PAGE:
Ch'an Art Lectures

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Losal Samten
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Ch'an Art Lectures

Post by Losal Samten » Fri Jul 25, 2014 1:45 am

By Professor James Cahill (August 13, 1926 – February 14, 2014)

From Academy to Ch'an: Liang Kai

This last of the four Southern Song Academy masters is shown as providing a bridge between that tradition and the new kind of painting associated with Chan (Zen) Buddhism, which will make up the topic of most of the lecture 12 group. The gap between the way Liang Kai is regarded, and his works collected, in China and in Japan also introduces a large problem that complicates the whole concept of Chan painting: why it was preserved almost entirely in Japan and scarcely at all in China.
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The Beginnings of Ch'an Painting and Muchi

This is the first part of a long attempt to deal with the highly problematic subject of Chan painting—that is, painting associated in various ways with the Chan (Zen) sect of Buddhism. Shown and discussed at length are works by and ascribed to the most famous Chan painter, the monk-artist Muqi.
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Six Persimmons

This central section of lecture 12 concentrates on a single work probably by Muqi: his famous small picture of "Six Persimmons." Viewers are made to gaze at this simple but mysterious work for a long time, while our lecturer attempts answers to the central, ultimately unanswerable question: what is Chan painting, and how does it differ from literati painting?
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Sōgenga and Ch'an Landscapes
Our final lecture, which winds up the series, deals with the many Chan-associated paintings preserved in Japan that are grouped here, loosely, under the term Sōgenga. It concludes with the surviving works from two series of "Eight Views of the Xiao-Xiang Region," one attributed to Muqi, the other by Yujian—paintings that can be taken as representing the last stage in the long development of landscape painting in China that has been the central subject of this series.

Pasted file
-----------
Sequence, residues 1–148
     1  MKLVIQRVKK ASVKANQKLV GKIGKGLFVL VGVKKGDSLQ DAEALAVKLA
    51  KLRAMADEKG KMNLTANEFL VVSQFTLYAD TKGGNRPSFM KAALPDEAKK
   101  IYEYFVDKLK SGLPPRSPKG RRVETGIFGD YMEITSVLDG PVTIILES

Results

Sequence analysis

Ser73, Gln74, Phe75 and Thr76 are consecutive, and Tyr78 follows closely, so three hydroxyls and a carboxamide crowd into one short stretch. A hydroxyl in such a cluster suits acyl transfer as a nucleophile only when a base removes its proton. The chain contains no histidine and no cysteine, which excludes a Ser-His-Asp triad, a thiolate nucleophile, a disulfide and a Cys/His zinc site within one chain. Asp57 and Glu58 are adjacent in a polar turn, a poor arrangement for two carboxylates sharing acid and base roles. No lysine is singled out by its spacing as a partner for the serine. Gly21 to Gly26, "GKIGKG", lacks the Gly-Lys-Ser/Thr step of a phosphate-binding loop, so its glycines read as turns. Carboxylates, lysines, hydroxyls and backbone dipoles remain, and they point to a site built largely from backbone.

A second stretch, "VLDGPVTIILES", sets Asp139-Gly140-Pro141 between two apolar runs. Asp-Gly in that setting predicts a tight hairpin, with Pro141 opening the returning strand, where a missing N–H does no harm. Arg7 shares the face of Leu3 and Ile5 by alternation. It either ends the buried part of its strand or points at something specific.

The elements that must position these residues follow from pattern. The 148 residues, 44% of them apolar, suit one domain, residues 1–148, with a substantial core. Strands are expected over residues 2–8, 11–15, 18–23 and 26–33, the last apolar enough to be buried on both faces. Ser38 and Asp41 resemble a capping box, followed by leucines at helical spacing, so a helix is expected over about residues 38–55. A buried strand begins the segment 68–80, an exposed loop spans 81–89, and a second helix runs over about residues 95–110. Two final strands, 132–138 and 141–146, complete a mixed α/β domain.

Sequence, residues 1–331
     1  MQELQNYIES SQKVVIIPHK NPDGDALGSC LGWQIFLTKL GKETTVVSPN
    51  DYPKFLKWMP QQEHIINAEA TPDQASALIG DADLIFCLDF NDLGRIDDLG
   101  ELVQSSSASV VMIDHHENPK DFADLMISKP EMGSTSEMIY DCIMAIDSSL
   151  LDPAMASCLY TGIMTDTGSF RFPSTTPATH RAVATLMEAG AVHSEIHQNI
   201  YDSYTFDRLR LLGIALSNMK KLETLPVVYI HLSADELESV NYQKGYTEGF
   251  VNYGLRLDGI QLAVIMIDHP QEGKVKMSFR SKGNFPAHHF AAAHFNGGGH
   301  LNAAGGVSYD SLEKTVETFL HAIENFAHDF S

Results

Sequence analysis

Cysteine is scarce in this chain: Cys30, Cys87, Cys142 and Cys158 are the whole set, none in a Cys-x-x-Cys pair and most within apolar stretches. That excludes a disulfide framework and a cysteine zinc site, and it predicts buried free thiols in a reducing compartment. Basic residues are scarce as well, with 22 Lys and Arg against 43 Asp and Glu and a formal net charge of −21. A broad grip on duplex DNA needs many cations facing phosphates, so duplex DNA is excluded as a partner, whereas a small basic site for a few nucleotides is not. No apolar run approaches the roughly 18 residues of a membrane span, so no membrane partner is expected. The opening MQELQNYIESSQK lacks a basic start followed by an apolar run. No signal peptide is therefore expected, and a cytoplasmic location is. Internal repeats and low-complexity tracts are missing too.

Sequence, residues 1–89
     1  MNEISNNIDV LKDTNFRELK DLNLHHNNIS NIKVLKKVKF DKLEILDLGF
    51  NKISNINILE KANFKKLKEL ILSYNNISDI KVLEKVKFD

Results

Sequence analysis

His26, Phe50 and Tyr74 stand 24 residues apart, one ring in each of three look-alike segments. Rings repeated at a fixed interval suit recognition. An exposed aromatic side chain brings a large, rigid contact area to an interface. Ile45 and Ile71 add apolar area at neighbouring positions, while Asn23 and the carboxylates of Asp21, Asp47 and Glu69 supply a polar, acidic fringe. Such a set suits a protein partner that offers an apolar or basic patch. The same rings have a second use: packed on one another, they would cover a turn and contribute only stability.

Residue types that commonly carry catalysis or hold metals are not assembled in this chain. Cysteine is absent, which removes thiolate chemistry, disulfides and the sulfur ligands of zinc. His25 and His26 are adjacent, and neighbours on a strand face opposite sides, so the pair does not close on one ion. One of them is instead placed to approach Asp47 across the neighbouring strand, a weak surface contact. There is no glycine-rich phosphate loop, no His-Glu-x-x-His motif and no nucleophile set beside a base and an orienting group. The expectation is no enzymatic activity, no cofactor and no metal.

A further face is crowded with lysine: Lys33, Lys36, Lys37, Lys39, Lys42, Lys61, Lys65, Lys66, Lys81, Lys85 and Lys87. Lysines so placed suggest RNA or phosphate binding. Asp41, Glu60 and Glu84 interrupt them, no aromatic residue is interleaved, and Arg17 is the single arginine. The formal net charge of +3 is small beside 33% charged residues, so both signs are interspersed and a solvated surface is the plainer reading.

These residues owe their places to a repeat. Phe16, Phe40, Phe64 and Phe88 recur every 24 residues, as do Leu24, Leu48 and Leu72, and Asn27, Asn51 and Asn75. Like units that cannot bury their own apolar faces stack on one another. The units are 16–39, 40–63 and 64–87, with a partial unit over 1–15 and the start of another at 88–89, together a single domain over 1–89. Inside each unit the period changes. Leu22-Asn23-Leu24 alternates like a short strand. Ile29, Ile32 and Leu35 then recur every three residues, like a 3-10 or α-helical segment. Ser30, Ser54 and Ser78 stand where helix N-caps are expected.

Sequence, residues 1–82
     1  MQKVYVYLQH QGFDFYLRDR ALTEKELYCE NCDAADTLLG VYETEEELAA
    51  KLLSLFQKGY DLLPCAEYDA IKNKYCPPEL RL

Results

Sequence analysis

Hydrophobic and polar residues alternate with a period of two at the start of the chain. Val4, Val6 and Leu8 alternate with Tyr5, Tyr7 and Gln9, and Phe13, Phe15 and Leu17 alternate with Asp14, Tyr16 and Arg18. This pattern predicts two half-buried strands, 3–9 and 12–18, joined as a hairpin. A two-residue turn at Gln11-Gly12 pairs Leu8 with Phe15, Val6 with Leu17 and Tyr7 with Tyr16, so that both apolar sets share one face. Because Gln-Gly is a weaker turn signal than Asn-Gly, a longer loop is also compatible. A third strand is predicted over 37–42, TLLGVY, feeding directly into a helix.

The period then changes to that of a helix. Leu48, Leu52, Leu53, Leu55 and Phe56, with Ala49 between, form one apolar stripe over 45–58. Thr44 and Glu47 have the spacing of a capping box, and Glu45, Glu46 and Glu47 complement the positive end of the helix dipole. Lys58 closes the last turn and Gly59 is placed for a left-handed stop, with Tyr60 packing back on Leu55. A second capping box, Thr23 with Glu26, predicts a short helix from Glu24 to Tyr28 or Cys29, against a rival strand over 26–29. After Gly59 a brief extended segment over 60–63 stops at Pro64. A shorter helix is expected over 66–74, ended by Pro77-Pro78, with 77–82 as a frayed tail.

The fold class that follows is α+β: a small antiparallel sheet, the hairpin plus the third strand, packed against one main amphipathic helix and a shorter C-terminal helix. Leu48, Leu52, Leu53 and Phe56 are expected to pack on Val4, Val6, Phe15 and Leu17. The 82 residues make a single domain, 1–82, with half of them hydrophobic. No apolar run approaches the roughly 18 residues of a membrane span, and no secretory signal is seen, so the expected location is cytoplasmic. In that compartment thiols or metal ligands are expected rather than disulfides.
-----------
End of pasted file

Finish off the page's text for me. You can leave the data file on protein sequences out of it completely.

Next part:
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Continuations of Ch'an Ink Painting into Ming-Ching and the Prevalence of Type Images

This video lecture is based on a paper that I wrote of the same name. I present here two main arguments. First that Chan painting, generally thought to have ended during the beginning of Ming, continued to be practiced in Chan monasteries in later centuries, though not well preserved. Second, that the motifs and styles which survived in this tradition, could be called type images, which were painted in ink mono-chrome by both amateurs and professionals of the era.
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Full course on Chinese art here: ... 4758A5E5D7" onclick=";return false;
Lacking mindfulness, we commit every wrong. - Nyoshul Khen Rinpoche
འ༔ ཨ༔ ཧ༔ ཤ༔ ས༔ མ༔

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Zhen Li
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Re: Ch'an Art Lectures

Post by Zhen Li » Mon Sep 01, 2014 4:15 am

Wow, amazing. Thank you for sharing.

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